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Trent Romens - Aware

New Folk Records: NF 1426

10 Tracks 46:47

Here we have 19 years old Trent Romens, from Edina, Minnesota. He is an accomplished guitar player but IMHO, his voice is just a tad thin for most of the songs on this album, and which, I regret to say, is well suited to the genre of music suggested by the name of the record label. With one or two exceptions – principally the covers – Big Bill Broonzy/ Charlie Segar’s Key To The Highway and St Louis Jimmy’s Going Down Slow – there is little here to interest the blues fan.

Joined by John Wright (bass and co-producer), Tony Marshall (Hammond B-3), Jordan Carlson (drums), Tony Paul (percussion) and with Cate Fierro and Shalo Lee (backing vocals) the CD opens with a Romens original “Stimulate Me”, with a fine riff driven backing and occasional bursts of excellent guitar work but with a rather whiney, thin vocal. Material Blues follows with some nice slide work to open. It is a mid paced foot tapper but comes again with thin whiney vocals. Fairy Tales is a Beatle like pop song with a melody seemingly derived from Lennon and McCartney’s Norwegian Wood.

Of the two covers, Going Down Slow is a nicely arranged paean to the St Louis Jimmy original. It comes with some really nice guitar work in the opening choruses and the vocal here is miles better, with little tendency to the whiny stuff which precedes it. Seven and a half minutes of good quality music, which will without doubt, get some air play.

Key To The Highway starts with an opening drum beat reminding me of Muddy’s “She Moves Me”. The arrangement is sparse but it is nicely carried off, with some outstanding slide work in the instrumental choruses.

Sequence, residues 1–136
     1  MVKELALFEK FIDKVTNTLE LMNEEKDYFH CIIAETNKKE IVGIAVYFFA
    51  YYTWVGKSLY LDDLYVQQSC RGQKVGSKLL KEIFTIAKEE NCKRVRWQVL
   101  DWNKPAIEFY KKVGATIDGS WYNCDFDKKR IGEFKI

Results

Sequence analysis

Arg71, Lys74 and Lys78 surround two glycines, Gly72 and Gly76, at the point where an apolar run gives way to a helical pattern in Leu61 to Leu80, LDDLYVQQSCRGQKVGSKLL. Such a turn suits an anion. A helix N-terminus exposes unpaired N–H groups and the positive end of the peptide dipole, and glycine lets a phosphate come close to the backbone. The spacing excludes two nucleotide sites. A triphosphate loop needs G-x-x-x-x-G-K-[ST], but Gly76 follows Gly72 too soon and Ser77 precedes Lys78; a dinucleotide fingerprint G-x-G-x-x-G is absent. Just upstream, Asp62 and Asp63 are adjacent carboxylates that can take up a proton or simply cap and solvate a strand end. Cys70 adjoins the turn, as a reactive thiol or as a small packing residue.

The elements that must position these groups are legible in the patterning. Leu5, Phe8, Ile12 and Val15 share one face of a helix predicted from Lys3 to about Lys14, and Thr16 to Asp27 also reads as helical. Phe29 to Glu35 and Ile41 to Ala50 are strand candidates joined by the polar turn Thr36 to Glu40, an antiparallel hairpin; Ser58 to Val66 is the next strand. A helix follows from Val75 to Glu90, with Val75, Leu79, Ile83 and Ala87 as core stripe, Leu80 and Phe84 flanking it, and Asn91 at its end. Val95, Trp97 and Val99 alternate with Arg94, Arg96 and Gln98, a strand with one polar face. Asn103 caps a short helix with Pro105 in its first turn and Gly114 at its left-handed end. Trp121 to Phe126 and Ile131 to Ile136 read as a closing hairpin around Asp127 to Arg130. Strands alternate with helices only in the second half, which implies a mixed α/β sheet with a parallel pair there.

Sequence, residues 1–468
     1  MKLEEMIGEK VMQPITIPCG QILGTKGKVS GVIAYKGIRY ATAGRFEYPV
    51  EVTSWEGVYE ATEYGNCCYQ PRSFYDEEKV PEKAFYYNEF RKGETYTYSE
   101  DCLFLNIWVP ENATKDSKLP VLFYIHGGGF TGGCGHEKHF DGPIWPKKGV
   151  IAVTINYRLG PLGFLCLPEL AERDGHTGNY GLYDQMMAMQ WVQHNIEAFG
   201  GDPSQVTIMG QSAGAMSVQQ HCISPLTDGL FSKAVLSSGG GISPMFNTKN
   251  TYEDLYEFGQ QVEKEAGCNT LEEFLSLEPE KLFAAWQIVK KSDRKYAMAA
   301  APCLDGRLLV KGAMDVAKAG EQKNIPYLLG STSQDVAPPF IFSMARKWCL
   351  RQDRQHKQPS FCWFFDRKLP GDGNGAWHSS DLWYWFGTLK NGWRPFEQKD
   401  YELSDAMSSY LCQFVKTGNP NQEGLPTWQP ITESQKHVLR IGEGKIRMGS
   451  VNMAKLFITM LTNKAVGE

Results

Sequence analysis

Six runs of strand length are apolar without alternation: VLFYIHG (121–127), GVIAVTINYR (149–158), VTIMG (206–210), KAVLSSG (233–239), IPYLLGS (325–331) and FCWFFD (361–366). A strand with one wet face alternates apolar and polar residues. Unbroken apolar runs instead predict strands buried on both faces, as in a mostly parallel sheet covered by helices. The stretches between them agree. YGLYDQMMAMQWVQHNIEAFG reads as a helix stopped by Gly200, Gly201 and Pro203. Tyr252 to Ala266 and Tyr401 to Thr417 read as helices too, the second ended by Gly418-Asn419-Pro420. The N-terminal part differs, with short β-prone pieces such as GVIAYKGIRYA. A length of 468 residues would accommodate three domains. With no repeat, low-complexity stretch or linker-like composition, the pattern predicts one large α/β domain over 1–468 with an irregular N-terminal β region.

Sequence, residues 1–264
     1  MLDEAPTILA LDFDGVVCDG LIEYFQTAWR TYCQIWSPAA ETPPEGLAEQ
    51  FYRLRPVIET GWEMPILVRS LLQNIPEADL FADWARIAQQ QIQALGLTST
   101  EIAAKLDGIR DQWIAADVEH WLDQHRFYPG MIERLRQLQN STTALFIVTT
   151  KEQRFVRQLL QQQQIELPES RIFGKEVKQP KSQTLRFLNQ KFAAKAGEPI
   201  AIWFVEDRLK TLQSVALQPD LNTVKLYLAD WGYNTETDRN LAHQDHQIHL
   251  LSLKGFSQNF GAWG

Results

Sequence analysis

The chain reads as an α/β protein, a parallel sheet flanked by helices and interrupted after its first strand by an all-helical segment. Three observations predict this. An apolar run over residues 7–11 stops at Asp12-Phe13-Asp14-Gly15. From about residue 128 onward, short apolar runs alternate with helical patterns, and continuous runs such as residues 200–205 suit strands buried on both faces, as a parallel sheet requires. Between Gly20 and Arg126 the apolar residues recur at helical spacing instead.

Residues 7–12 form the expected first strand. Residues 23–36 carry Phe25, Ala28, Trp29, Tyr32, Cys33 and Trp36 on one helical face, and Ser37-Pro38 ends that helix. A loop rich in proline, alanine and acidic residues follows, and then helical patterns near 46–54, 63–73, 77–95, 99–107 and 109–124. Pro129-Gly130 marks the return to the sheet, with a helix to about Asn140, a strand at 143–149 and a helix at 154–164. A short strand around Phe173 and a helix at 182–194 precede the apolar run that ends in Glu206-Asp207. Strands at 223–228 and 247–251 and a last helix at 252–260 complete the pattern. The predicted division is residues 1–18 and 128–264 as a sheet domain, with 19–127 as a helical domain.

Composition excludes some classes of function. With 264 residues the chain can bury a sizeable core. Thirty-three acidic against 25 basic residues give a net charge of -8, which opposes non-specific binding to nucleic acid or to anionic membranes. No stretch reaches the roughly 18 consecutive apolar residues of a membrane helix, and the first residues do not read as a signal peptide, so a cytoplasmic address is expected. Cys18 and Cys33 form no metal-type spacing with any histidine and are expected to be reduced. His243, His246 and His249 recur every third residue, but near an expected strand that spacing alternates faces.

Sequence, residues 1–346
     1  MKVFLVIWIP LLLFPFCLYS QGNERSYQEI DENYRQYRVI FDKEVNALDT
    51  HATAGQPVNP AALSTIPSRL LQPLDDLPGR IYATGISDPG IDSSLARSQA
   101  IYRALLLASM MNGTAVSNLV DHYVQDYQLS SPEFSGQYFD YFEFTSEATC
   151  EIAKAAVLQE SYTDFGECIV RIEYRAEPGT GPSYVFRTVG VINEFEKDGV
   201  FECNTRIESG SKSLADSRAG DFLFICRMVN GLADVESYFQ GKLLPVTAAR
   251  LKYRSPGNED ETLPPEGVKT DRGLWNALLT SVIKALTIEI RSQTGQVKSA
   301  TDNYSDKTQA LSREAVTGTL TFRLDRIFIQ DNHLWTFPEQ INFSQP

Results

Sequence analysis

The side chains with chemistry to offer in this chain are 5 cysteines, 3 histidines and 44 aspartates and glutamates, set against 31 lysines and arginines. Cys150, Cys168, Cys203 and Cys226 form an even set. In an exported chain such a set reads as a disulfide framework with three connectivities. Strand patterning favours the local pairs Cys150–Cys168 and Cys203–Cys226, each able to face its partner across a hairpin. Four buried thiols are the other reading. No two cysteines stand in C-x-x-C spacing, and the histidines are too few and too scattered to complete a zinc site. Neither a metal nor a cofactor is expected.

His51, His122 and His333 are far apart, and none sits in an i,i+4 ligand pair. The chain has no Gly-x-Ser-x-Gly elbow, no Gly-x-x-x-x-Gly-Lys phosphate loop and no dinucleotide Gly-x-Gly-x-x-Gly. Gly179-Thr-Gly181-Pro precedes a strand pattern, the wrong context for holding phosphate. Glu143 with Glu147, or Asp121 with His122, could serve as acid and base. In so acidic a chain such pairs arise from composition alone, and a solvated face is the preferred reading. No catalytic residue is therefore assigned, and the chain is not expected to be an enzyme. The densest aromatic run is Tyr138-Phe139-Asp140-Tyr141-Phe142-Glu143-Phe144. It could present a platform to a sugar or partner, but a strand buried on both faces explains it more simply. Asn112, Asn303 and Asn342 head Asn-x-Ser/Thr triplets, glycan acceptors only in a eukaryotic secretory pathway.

Trent’s own “Right Back Where I Started”, is an I-woke-up-this-morning blues with - unfortunately - the aforementioned rather thin voice…Shame, shame, shame as Jimmy Reed might have said.

Sorry Sherriff starts like a folk song and ends like a pop song and there are again shades of Lennon and McCartney both in the melody line and in the arrangement (including close harmony oohing from the backing singers) and similarly, With You; is a pop song with an oooh oooh backing and a guitar sound that reminds me of Brian May or the solo on the Commodores 1977 hit Easy (On A Sunday Morning) (so beautifully played by Thomas McClary).

The closer Hey Now, is the sound of Caribbean gospel music and comes with a rudimentary strummed guitar backing, with bongos and so on…but don’t think of Bob Marley, think Harry Belafonte.

Reviewer Ian McKenzie lives in England. He is the editor of Blues In The South (  a monthly flier providing news, reviews, a gig guide and all kinds of other good stuff, for people living and going to gigs along the south coast of England. Ian is also a blues performer (see and has two web-cast regular blues radio shows. One on www.phonic.FM in Exeter (Wednesdays: 1pm Eastern/ 12 noon Central), the second on KCOR – Kansas City Online Radio (on Fridays at 1pm Eastern/ 12 noon Central)

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